We have already completed one house for a family. Their house had burnt down and with it most of their possessions so they were definitely in need. Our first day there I was impressed at how well they took to us and how patient they were with all of us. For some of us (myself being one of them) it was the first time in a while to swing a hammer and instead of them getting frustrated with our sometimes ineptness they just laughed with us, gave us pointers (we have all become quite good at talking with our hands and motions!) and helped us through it. I think without the patience and understanding of our first family this trip would be a difficult one! They helped us all get our confidence with tools again and miraculously we finished our first house in 3 days. Which I have to say, is quite the feat! The walls on their house consisted of us nailing smaller trees to the frame. This created a bit of an obstacle for us sometimes as there were no ladders and by the end of the three days we were hanging off of the frame and nailing as if we had been doing it our whole lives.

I am so proud of the team, we have all adjusted wonderfully and have been putting our heart and soul into these projects and I would like to think it shows! At the end of our stay in the village we are all planning on going back to visit the family to pass on clothing and other items that will help them. Developing World Connections' host Partner Bridges Across Boarders, has a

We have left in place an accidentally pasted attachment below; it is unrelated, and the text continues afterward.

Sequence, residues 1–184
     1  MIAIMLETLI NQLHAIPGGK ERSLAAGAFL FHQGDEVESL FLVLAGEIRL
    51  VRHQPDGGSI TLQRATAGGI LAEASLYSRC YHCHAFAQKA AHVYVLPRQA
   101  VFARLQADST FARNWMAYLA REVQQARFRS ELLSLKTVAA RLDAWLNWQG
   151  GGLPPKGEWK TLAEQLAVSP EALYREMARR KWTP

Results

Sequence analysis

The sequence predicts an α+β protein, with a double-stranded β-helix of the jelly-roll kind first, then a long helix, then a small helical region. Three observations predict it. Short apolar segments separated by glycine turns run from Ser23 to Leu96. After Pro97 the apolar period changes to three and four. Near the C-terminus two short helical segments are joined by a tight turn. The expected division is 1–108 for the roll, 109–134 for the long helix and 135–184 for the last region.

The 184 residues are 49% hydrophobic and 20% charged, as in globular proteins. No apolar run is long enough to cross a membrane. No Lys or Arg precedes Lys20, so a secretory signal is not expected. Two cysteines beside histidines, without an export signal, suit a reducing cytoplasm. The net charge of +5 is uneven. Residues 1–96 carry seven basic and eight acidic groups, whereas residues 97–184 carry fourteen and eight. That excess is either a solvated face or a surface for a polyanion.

Volunteer Assistant named Mr.Theary. He has been wonderful, along with the Family Dream Home Coordinator (I feel terrible but I cannot for the life of me remember how to spell or pronounce his name!). They have been on the work sites with us every day, laughing at us, with us, and helping us to learn some of the local language. "Lop lop" has become a common phrase amongst all of us (meaning crazy). The bike trails are lop lop, we are lop lop, the rain, the sun, pretty much anything. Every time we use Khmer language they smile and laugh and are so proud that they taught us something new!

We started our second house on Thursday afternoon and the bike trek proved to be a bit more of a challenge. We were riding in between rice paddies, along skinny, curvy trails, and through what we like to call a lake (it sounds cooler than a large puddle). This house shouldn't take quite as long as the siding is all thatching and requires to be wired onto the frame instead of nailed on! The first day we spent mixing cement in the rain, which had essentially cemeted my sandals onto my feet.

We are currently in Kampot for the weekend, staying at a Guest House called the Bodhi Villa. Of all things to be grateful for at the moment, it is definitely a shower!

I can't begin to say how thrilled I am that I decided to have this adventure. The people I am traveling with are all amazing, the local people are beyond belief and this country is amazing. I have no doubt in my mind that this will prove to be some of our best experiences we will have in this lifetime. Working alongside with people who truly want to better their lives and their situations is endlessly rewarding and it is easy to go to bed at night with smiles on our faces, feeling as if we have made a difference.
Until next weekend, keep fit and have fun! I know we will be!
- Joelle Risi
Developing World Connections Volunteer Participant